The annual taxation report of the European Commission once again shows that the greatest tax burden is shouldered by the workers. The unfair distribution of the burden throughout Europe is changing only very slowly. In addition, most EU Member States show a reduction in green taxes.
In the EU, almost half (48.7 %) of the tax burden is borne by the factor Labour. Capital taxes only contribute 23.5 % and consumption taxes only 27.8 % to the overall tax revenue. Marco Fantini, Head of Research at the Commission at the department of Taxation and Customs Union, informed that the trend was growing in Europe to increase tax on consumption and to slightly relieve the factor Labour. This, however, has so far not changed anything with respect to the unfair distribution of the burden. The comparison of countries has shown that labour is quite differently taxed in the Member States. The implicit tax rate on labour (i.e. the average actual tax burden) in 2007 was 20.1 % in Malta and 43.1 % in Sweden. In comparison with other EU Member States, Austria’s tax on labour income is above average. In 2007, for example, the implicit tax rate on labour in Austria was 41 %, whilst the EU average stood at 34.4 %. At 26.1 %, however, the Austrian implicit tax rate on capital was below EU average (28.7 %). It is also notable that the decline of the maximum rate for corporation tax within the EU during the period from 2000-2008 was with 8.4 % higher than the decline of the maximum rate for income tax (-6.9 %). The only two countries, which raised their maximum income tax rates, were Portugal and Sweden. During this period, only Malta and the non-EU Member Norway did not reduce their maximum corporation tax rates.

Another trend is a reduction of green taxes in the EU. Since 1999, the revenue from green taxes has fallen continuously. The increase in green tax revenue generated by the 12 new Member States since joining the EU has not been able to compensate for the downwards trend in the EU-15. This is attributable to the reduction of energy taxes by most Member States, which had to react to the increased political pressure caused by massively increased oil prices over the past years.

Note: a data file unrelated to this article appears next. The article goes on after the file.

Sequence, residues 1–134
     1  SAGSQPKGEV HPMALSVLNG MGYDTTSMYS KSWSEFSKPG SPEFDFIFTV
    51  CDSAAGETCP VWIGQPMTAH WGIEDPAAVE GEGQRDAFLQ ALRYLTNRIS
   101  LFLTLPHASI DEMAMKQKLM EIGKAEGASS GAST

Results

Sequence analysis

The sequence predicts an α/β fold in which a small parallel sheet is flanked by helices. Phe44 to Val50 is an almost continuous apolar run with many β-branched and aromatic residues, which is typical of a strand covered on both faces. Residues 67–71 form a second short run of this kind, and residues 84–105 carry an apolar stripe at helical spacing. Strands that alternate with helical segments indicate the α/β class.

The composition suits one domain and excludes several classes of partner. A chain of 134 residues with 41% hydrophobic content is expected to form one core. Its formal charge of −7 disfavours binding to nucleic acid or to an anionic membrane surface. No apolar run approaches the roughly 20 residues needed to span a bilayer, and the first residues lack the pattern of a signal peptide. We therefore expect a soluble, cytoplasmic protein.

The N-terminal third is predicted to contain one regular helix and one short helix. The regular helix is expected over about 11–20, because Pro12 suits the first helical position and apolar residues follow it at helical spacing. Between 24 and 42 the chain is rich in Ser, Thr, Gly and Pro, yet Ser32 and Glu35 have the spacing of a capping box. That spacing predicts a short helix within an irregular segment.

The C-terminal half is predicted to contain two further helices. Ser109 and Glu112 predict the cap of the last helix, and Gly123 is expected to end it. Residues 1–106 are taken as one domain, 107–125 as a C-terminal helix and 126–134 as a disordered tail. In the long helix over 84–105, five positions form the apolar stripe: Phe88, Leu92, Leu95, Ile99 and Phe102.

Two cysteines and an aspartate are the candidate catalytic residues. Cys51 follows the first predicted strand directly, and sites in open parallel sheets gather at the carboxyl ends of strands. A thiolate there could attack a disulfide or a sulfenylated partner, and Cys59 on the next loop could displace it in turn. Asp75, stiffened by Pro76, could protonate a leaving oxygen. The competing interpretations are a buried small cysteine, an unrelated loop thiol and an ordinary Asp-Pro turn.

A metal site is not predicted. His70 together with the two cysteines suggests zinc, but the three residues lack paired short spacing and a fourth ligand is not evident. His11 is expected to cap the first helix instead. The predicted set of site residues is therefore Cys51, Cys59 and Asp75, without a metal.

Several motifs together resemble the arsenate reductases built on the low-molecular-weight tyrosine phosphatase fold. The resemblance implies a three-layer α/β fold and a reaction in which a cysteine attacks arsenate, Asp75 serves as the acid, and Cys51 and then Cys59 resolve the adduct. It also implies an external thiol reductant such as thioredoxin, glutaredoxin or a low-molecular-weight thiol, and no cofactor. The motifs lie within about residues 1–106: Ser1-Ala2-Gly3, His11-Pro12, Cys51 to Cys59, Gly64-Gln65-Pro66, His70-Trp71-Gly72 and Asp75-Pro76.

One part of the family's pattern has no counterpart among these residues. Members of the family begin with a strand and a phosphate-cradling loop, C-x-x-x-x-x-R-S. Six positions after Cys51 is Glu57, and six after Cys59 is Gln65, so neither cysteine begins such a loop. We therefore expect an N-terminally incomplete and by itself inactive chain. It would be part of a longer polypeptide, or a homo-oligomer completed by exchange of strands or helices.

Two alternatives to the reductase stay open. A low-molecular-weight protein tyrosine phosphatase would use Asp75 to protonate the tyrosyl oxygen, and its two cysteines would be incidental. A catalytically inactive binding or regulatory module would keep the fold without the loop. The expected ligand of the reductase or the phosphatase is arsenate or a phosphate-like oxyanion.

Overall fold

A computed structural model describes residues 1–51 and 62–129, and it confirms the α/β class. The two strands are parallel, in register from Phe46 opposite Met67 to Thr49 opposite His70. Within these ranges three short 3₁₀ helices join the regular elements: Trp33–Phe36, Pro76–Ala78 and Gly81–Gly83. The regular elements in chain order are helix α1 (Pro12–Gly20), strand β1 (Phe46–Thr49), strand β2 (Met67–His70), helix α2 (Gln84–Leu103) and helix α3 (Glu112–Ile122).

Ironically enough, the first page of the report describes the European Union as a high tax area. Unreflectingly, the Commission compares the tax rate of the EU (39.8 % of GDP) with the tax rates of the USA (28.3 %) and Japan (27.9 %). What the report does not mention is the fact that the majority of social benefits in the USA and Japan are not financed through taxes and that as a result their citizens have to make provisions for healthcare, education, unemployment and old age themselves. The higher tax rate of the EU is a reflection of the European welfare and social model, which supports a solidary risk distribution and does not leave people in emergency situations to fend for themselves. In particular during this current economic crisis, the European welfare and social model with its “automatic stabilizers” has time and again proven to be a rescue anchor.

Further information:

Press release on the taxation trend in the European Union

Study on taxation trends in the European Union